The green jewel at CAS is not just the prettiest, most tranquil property along West Dodridge—which also is home to the Olentangy Wetlands and the historic Union Cemetery—it is a sought-after venue for community events.

You might not be sure what they do at CAS (they are an information solutions provider in the field of chemistry), but surely you’ve seen their lawn driving along Olentangy River Road and West Dodridge Street. More than 50 acres of lush greenery seem to cascade gracefully toward the road, undulating from an efficient-looking, five-story complex of buildings that seems small by comparison to the lawn from its setting back along the Olentangy River. Various species of trees including London plane, ornamental pear and red maple dot the lawn. During the change of seasons, flocks of hundreds of geese gather on the property to rest and feed. A mile-long walking path winds through the fields.

The green jewel at CAS is not just the prettiest, most tranquil property along West Dodridge—which also is home to the Olentangy Wetlands and the historic Union Cemetery—it is a sought-after venue for community events. It was the setting for Picnic with the Pops, the Columbus Symphony Orchestra’s summer concert series that sometimes drew 15,000 people to the lawn. After 28 summers at CAS, the Pops moved downtown to Columbus Commons in 2012 to boost activity there after City Center Mall was razed. Downtown was at the dawn of a revitalization that since has begun to materialize in full force—and the concert’s relocation also happened to come during a time when CAS itself was on the precipice of transformation. “CAS was in a position where it was a little bit behind making the necessary changes to stay relevant,” says Manuel Guzman, who was hired as CEO in 2013. He took the company, which generates 70 percent of its revenue outside the United States, from one that simply aggregated scientific information—the mission of its nonprofit parent organization, the American Chemical Society, is “to advance the broader chemistry enterprise and its practitioners for the benefit of Earth and its people”—to one that provides sophisticated information solutions.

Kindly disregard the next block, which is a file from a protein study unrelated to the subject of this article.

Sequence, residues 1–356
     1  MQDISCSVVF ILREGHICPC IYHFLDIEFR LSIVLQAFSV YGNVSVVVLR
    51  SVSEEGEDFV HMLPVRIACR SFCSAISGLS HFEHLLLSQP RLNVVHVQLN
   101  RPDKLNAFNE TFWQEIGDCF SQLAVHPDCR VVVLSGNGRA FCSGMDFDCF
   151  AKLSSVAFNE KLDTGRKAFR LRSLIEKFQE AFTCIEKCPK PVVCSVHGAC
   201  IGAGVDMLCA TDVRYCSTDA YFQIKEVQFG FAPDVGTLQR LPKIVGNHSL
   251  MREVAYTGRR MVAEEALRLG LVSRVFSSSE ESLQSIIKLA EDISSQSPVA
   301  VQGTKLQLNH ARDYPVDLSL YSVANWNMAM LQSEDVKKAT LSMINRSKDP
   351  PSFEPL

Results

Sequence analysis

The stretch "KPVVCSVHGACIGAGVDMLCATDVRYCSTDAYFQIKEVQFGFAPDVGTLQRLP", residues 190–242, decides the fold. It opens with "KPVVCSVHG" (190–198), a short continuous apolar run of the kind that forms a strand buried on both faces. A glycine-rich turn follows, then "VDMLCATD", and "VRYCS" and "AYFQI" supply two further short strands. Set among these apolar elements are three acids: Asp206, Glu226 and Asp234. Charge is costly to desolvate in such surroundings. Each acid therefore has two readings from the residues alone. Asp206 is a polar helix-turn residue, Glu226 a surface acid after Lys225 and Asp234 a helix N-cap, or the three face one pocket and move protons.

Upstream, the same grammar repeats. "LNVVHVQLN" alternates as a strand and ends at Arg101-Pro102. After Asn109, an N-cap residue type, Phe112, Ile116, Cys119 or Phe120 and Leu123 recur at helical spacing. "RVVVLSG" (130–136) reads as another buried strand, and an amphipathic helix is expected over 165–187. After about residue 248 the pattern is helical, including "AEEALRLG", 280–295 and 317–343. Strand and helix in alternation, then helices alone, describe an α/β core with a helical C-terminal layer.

The strategy is working: “We’ve accelerated our organic growth five years in a row,” Guzman says, though he wouldn’t disclose annual numbers. For the American Chemical Society overall, of which CAS comprises the largest part, total electronic services revenue reached $520 million by the end of 2018 from $429 million at the end of 2013, according to its audited financial statements, which it makes available on its website. With that success comes a responsibility to 1,500 employees and to the community to give back, Guzman says. That means sharing that gorgeous lawn.

“Making our property and our real estate and our facilities available to the community is something we will readily do,” he says. The one stipulation, he says, is that the events have to raise money for a cause. The annual JDRF walk (Juvenile Diabetes Research Foundation) brought 7,000 supporters to CAS last August, and Steps for Sarcoma, Ronald McDonald House and the COSI Science Festival have held events there as well.

This Aug. 17-18, a new event will take place at CAS: WonderBus, a music festival being launched by the organizers of Cleveland’s LaureLive. Cincinnati band Walk the Moon and folk musician Ben Harper will headline the festival, which was announced at a press conference featuring Gov. Mike DeWine, Ohio State University President Michael Drake, marketing agency CEO Rick Milenthal of The Shipyard, and city and state officials.

WonderBus will benefit efforts to prevent teen depression and suicide, says CAS Vice President Michael Dennis. “It’s more than a music festival. It’s a music festival with awareness,” he says. From the event proceeds, $50,000 is earmarked as a donation to Ohio State University Wexner Medical Center’s Department of Psychiatry and Behavioral Health.